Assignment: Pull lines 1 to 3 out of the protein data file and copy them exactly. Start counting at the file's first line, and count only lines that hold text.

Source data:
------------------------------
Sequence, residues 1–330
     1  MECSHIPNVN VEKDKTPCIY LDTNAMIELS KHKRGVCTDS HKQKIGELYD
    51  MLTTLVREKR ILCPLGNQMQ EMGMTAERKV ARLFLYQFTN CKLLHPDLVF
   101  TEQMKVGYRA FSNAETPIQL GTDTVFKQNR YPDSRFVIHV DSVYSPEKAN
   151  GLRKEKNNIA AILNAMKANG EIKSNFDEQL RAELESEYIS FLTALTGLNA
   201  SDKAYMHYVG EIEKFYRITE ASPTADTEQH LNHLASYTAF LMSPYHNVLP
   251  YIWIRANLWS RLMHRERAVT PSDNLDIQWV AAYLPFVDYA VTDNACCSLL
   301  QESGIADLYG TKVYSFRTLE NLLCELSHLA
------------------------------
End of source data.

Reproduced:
Sequence, residues 1–330
     1  MECSHIPNVN VEKDKTPCIY LDTNAMIELS KHKRGVCTDS HKQKIGELYD
    51  MLTTLVREKR ILCPLGNQMQ EMGMTAERKV ARLFLYQFTN CKLLHPDLVF